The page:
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Conservation of Momentum

We saw that one unit of force (one Newton) is that quantity of force which can give an acceleration of 1 m/s2 to a body of mass 1 kg. Now, suppose, you have two balls, a red one A and a blue one B. Let their masses be mA and mB. You place them on a smooth and levelled floor and slowly roll them in the same direction with different velocities uA and uB. Let uA be greater than uB. Suppose there are no other external unbalanced forces acting on them. Let the two balls collide. Let the collision last for 't' seconds. During the collision, the red ball A exerts a force FA on the blue ball B and the blue ball exerts an equal force FB on the red ball.

Suppose the velocities change to vA and vB after the collision. The momenta of the ball A before and after the collision will be mA x uA and mA x vA. The rate of change of momentum for FA (action) during the collision = mA x (vA – uA) / t.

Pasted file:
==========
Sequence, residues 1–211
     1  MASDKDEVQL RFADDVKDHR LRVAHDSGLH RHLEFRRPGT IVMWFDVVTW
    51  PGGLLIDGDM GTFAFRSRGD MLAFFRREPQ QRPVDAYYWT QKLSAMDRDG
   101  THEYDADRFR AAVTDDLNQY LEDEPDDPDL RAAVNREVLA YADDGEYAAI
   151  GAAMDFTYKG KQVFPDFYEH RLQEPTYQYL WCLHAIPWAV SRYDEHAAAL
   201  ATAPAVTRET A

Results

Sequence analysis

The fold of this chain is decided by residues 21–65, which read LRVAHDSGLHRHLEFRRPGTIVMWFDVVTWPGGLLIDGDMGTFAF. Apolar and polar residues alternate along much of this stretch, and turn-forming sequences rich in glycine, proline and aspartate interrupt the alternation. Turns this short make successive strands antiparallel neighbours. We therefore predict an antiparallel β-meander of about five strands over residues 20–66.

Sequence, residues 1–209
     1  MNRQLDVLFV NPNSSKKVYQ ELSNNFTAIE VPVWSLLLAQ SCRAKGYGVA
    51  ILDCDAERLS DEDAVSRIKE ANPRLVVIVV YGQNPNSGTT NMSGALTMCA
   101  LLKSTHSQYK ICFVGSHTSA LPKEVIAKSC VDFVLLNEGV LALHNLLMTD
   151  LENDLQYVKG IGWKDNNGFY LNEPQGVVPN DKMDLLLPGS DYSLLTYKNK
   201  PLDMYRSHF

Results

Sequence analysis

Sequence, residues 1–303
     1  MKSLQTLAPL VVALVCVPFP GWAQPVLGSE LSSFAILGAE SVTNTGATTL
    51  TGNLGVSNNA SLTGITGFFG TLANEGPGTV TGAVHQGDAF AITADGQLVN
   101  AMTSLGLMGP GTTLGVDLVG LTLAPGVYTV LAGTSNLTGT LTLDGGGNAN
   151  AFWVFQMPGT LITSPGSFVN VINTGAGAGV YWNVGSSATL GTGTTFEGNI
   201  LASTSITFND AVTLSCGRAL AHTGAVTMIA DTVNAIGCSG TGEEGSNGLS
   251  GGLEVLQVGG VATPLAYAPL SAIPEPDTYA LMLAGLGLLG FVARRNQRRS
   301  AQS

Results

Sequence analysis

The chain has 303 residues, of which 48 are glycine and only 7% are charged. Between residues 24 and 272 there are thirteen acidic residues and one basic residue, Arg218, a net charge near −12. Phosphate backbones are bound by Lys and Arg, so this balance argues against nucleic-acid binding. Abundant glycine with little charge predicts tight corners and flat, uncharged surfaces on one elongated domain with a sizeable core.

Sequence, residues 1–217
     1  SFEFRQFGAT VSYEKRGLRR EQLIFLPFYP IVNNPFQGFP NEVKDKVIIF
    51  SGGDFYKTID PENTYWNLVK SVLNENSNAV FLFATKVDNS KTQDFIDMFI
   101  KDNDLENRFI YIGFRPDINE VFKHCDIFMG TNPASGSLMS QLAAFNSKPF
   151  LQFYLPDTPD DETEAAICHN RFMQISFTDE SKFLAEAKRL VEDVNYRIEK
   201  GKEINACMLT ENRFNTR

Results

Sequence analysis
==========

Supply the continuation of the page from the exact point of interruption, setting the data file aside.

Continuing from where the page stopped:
Similarly, the rate of change of momentum for FB (reaction) during the collision will be
mB x (vB – uB) / t.

By Newton’s third law we know action and reaction are equal and opposite.

Therefore, FA = - FB or mA x (vA – uA) / t = - mB x (vB – uB) / t.
mA x vA – mA x uA = - mB x vB + mB x uB
mA x vA + m Bx vB = mB x uB + mA x uA

From the above equation, we see that the total momentum before and after the collision remains the same when there is external unbalanced force acting on them. In other words momentum is conserved; it remains unchanged after the collision.

You can also see that the quantity of force applied by the red ball on the blue will not depend only on the mass of the red ball but also on its velocity.




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